Biochemical composition during growth and starvation of early larval stages of cultured spiny lobster (Jasus edwardsii) phyllosoma
journal contributionposted on 2023-05-16, 14:44 authored by Ritar, AJ, Dunstan, GA, Crear, BJ, Brown, MR
We examined biochemical changes accompanying feeding and starvation from hatch to Stage VI (day 74 after hatch) in spiny lobster, Jasus edwardsii, phyllosoma larvae. Larval dry weights (dw) increased 17-fold from hatch (80Â±1 Î¼g) to Stage VI (1415Â±44 Î¼g). Larvae starved for 6-11 days at Stages II, IV and VI were 14-40% lighter than their fed counterparts fed enriched Artemia. The increases and losses in total dry weight during feeding and starvation were associated with changes in the content of protein (constituting 31.4-41.7% of dw) and carbohydrate (constituting 2.6-5.3% of dw), while larger changes in lipid content indicated its greater importance as an energy substrate. Lipid content increased from 7.9% of dw at hatch to its highest of 12.5% at Stage IV, but declined by 50% or more during starvation. This suggests that protein, carbohydrate and lipid are all important energy stores, although lipids are catabolized at a greater rate during food deprivation. The principal lipid class was polar lipid (PL; 79-92% of total lipid), followed by sterol (ST; 6-20%), with triacylglycerol and other lipid classes at <2%. PL were catabolized and ST were conserved during starvation. Changes in the fatty acid (FA) profile had mostly occurred before the first moult at day 8 after hatch, with gradual changes thereafter to Stage VI, reflecting their abundance in the Artemia diet. There was some conservation of the major essential FAs, 20:4n-6, 20:5n-3, 22:6n-3, and the FA profile showed large gains in the C18 polyunsaturated FA, 18:1n-9, 18:2n-6. Ascorbic acid content increased 10-fold from hatch to the end of Stage I (36 and 333 Î¼gg-1 dw, respectively), while the content at the end of Stage II was higher in fed than that in starved larvae (439 and 174 Î¼gg -1 dw, respectively). Our study will assist in the development of alternatives to nutritionally incomplete diets, such as live ongrown Artemia, to meet the requirements of phyllosoma in culture. Â© 2003 Elsevier Science Inc. All rights reserved.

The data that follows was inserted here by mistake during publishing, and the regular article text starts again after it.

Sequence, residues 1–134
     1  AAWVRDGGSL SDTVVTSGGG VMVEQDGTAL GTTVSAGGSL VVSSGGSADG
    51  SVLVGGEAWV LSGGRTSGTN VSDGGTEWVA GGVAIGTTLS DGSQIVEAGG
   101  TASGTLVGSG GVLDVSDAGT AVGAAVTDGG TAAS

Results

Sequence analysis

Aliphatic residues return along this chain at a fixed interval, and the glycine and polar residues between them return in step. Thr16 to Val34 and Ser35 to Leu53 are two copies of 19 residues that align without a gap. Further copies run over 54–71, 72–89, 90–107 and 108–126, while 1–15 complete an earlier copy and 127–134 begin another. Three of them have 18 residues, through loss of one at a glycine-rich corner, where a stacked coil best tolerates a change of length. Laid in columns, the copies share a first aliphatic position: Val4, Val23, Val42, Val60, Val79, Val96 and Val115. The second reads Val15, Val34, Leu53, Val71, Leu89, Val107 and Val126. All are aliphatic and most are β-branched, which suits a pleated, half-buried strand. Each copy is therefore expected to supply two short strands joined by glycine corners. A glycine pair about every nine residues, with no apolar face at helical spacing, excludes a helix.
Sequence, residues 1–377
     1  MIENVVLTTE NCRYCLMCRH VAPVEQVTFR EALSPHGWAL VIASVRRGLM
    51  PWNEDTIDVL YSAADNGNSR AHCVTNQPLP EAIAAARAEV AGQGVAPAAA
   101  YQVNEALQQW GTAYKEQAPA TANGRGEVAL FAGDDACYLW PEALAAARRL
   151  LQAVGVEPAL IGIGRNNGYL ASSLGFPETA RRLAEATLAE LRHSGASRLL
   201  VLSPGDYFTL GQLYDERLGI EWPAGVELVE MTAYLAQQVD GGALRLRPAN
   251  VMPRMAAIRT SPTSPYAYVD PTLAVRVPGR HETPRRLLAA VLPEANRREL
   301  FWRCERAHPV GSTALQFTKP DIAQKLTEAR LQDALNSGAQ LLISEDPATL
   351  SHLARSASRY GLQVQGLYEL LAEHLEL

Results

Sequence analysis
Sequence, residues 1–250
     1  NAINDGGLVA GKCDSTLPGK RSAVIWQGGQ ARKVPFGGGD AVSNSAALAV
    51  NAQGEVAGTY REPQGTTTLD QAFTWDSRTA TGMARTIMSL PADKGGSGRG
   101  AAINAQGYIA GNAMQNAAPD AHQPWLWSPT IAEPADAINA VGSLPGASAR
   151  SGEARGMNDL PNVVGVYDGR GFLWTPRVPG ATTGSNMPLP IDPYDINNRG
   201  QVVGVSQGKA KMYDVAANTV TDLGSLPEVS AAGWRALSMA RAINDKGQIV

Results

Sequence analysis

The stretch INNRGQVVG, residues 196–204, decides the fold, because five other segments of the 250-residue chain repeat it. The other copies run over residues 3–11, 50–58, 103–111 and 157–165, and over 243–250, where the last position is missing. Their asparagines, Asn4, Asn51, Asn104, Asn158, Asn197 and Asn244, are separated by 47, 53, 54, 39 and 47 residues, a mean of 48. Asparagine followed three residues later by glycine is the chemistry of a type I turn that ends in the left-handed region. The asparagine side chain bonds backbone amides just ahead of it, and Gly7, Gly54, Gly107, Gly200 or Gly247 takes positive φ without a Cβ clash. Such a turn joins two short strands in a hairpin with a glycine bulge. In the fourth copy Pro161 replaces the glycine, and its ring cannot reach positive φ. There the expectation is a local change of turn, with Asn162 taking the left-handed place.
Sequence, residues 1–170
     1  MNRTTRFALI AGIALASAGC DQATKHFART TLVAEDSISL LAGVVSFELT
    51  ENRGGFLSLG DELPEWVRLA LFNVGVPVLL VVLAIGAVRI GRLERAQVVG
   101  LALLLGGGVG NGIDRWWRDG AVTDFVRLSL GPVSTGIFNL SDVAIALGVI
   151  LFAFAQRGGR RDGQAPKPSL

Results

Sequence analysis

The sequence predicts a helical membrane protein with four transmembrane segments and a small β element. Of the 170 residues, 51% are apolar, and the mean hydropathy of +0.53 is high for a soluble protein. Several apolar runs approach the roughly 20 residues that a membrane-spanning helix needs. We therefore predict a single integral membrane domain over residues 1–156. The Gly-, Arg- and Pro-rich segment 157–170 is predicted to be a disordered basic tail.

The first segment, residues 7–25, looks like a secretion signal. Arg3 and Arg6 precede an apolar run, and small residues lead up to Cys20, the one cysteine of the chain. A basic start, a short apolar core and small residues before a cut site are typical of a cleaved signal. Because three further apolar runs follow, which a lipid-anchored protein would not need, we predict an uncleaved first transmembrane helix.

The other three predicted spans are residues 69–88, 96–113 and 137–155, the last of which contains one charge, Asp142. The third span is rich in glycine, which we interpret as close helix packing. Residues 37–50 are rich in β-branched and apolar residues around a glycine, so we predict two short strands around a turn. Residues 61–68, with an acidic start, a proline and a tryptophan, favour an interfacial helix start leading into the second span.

Publication titleComparative Biochemistry and Physiology Part A Molecular and Integrative Physiology
Department/SchoolInstitute for Marine and Antarctic Studies
Place of publicationUnited States